We are roasting a chunk of tenderloin beef by the roadside—my older brother, my younger sister, and someone who looks like David from my high school. He laughs like David and talks like David. He’s supposed to be telling us stories. He says he has good ghost stories.
Where we are is new to me. I do not remember living or moving here, yet I own the orange apartment across the road. Other than a few shrubs and scanty dwarf trees, the ground is covered with loose white sand and concrete. We’re in a city but what city? Why aren’t we in a park or some other picnic-friendly place?
A few meters from our barbecue, we see a lion with a human head enticing three lambs. The lion tells them that he knows a field of green pasture where they can feed to their fullest. He sticks his tongue out and slowly licks his mouth—cute and disturbing all at once. I expect the lambs to flee, but they begin fidgeting, scratching the ground with their cloven hooves. The lion steps forward—closing the distance between—and grins. The lambs gaze at the lion’s face. Have you ever looked into the dilated pupils of a lion’s eyes? They’re filled with peace and light. Ambered appetite. Persuasion. The lambs enter the land of believability and walk with the lion. We know he’s going to eat them; he wants to fatten them for his own good.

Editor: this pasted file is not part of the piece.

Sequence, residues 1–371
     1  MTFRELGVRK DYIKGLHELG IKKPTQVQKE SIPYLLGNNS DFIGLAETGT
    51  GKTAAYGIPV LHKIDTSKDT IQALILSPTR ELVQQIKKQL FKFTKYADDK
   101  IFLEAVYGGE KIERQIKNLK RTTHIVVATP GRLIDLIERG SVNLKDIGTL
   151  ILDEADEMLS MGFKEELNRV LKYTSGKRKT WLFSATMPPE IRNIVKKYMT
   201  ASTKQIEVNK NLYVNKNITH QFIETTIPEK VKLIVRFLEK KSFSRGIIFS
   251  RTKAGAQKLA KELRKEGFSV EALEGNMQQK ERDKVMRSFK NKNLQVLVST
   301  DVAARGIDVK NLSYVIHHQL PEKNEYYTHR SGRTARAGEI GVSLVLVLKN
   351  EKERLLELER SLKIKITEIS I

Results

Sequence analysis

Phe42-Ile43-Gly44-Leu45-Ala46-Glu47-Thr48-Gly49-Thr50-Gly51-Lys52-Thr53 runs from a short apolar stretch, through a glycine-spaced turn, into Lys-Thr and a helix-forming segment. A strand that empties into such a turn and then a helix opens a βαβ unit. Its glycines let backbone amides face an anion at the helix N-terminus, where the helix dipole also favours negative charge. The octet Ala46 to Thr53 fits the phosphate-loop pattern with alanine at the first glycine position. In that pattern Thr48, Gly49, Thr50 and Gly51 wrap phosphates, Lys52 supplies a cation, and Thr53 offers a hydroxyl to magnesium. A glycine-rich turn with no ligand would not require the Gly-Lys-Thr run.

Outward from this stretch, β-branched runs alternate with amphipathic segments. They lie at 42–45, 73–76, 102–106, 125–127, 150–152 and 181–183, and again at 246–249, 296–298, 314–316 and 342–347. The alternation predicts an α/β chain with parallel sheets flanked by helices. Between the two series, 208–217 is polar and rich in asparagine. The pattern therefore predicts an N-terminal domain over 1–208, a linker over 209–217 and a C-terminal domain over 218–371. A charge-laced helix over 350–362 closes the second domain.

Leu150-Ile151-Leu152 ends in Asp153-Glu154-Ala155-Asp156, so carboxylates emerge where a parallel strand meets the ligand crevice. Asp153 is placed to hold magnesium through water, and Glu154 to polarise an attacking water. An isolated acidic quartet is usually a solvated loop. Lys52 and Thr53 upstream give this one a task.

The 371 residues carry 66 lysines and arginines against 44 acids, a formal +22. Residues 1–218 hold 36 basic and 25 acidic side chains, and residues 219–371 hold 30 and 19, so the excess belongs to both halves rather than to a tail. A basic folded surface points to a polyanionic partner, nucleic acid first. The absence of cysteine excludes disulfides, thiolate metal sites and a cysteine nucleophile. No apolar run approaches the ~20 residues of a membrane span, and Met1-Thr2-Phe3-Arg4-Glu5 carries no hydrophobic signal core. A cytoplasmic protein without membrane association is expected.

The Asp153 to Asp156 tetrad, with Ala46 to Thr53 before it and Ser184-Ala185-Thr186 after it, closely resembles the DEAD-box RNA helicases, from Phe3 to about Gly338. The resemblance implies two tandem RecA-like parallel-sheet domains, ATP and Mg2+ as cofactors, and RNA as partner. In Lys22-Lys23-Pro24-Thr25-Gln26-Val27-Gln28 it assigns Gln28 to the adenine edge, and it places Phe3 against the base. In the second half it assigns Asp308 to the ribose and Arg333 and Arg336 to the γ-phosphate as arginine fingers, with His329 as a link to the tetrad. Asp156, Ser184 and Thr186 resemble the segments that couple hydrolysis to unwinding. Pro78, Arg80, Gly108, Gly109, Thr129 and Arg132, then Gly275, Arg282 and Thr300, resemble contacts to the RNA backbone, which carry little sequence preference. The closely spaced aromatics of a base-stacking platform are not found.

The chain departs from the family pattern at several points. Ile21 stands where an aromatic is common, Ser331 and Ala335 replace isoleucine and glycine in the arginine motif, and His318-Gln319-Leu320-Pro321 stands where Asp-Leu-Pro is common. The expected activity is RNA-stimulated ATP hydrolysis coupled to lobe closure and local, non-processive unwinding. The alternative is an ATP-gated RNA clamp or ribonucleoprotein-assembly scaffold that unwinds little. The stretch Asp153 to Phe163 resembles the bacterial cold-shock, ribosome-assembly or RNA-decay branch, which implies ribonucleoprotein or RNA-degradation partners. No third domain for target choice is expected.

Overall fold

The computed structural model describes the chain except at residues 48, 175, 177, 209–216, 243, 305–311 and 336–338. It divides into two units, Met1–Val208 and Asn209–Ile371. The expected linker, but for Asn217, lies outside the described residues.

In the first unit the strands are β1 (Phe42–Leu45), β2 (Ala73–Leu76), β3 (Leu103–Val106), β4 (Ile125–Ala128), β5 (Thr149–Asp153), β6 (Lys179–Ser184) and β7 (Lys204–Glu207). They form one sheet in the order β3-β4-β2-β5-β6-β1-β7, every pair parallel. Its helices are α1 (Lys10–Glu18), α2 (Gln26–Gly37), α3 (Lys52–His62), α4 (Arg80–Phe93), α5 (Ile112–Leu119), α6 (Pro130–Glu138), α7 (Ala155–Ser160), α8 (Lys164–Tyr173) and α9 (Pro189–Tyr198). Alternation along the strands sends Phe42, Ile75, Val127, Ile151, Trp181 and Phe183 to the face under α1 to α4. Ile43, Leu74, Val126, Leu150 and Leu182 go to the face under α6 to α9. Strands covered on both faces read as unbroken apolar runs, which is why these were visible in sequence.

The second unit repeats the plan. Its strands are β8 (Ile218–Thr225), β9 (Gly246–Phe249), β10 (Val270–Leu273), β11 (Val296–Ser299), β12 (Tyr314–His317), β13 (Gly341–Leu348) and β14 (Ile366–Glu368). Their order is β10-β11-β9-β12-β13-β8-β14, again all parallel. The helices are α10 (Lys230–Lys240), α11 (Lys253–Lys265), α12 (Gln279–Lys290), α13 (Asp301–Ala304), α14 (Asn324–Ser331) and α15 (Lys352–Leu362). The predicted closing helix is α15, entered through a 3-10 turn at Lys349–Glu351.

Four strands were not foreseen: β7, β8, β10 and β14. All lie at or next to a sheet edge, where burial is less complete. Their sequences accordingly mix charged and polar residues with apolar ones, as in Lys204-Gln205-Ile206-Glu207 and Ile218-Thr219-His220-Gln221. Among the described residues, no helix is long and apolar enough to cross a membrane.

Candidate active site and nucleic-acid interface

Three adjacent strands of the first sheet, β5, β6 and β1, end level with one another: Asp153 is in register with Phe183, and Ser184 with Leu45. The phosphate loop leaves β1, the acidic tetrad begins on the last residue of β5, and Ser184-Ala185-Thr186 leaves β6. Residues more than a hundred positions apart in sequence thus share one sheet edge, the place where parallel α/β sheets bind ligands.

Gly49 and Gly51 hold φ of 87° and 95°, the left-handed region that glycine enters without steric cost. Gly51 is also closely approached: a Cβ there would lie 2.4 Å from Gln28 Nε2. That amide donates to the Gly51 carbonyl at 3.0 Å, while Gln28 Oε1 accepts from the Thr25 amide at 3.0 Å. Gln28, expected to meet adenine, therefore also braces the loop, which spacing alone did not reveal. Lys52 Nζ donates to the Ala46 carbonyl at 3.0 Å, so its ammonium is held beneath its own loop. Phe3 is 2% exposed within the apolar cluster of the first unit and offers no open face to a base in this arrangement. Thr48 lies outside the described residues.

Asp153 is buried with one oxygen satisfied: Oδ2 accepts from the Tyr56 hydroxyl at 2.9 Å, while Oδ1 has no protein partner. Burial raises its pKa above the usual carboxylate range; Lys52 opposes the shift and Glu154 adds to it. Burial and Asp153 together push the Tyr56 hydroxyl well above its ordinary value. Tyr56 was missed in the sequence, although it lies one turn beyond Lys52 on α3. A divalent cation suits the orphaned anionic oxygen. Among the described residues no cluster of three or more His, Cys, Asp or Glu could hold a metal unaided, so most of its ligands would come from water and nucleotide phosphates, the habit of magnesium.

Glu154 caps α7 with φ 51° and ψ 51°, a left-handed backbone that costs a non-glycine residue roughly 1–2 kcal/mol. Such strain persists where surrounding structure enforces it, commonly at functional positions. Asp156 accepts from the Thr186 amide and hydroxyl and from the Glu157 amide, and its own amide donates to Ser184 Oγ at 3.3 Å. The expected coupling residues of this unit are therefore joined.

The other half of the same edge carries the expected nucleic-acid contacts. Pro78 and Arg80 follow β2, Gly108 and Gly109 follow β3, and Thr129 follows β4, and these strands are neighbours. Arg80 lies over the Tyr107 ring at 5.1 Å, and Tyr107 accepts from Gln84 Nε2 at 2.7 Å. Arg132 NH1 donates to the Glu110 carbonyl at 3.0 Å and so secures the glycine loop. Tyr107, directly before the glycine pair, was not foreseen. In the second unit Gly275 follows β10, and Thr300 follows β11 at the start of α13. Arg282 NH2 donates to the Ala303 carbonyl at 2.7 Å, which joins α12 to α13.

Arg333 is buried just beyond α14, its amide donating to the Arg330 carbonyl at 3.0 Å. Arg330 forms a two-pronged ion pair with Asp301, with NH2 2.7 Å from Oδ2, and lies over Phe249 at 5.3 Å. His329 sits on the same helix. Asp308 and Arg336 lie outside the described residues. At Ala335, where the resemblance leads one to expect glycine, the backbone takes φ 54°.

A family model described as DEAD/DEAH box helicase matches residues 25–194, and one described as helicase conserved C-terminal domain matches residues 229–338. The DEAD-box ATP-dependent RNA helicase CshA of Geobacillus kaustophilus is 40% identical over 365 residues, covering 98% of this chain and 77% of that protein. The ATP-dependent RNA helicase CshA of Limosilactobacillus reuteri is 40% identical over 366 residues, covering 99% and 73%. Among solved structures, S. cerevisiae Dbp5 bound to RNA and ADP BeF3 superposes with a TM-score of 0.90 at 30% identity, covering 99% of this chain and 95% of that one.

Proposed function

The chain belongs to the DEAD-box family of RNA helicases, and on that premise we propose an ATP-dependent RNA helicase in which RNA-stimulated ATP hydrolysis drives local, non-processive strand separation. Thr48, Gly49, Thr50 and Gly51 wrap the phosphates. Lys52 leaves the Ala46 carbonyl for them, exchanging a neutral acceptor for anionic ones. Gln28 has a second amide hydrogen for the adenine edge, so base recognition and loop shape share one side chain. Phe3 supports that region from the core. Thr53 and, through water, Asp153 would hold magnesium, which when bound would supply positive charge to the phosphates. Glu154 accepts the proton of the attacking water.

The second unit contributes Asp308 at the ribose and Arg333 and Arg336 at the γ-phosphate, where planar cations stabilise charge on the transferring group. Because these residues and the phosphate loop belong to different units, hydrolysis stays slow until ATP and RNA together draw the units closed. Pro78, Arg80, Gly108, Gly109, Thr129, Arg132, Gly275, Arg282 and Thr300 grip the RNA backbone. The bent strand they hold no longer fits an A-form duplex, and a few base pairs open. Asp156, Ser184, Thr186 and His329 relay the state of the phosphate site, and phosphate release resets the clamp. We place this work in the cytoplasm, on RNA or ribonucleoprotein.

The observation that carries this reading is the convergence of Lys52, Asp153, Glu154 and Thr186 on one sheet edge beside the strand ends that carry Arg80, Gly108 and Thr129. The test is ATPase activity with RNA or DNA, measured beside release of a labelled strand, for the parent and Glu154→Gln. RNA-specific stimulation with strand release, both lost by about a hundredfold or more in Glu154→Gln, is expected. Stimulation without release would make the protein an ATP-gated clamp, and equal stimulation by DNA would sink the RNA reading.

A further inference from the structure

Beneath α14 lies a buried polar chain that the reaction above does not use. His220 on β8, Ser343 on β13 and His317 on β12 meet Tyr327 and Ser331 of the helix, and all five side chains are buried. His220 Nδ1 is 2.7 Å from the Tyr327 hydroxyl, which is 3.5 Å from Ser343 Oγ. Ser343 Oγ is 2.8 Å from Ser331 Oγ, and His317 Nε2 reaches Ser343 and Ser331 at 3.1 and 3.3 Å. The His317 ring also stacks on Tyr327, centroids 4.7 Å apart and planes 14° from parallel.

What is it in the realm of desire that elicits trust? Between the green and red traffic signs, what pushes pedestrians to ignore the solid amber light and cross the road? What urges cars to drive past a flashing yellow strobe?
The sweet and pungent smell of smoked chilies, onions, and garlic flavors the air. I gather some sticks to beat the lion in case he comes back for us. If I close my eyes and listen deeply, I can hear the lowered pitch and muted resonance in the lion’s voice. Seeking obedience and worst of all—sacrifice. Perhaps none of us can resist a lion clothed in a language that appeals to our senses. The lion works his magic, his golden eyes flecked with charm.
Mildred Kiconco Barya is a writer from Uganda now living in North Carolina. Her publications include three poetry books, as well as prose, hybrids, and poems published in Shenandoah, Joyland, The Cincinnati Review, Tin House, Prairie Schooner, and elsewhere. Her fourth full-length poetry collection, The Animals of My Earth School, is forthcoming from Terrapin Books, 2023. She is a board member of African Writers Trust and coordinates the Poetrio Reading events at Malaprop’s Independent Bookstore/Café. She teaches creative writing and literature at UNC-Asheville.
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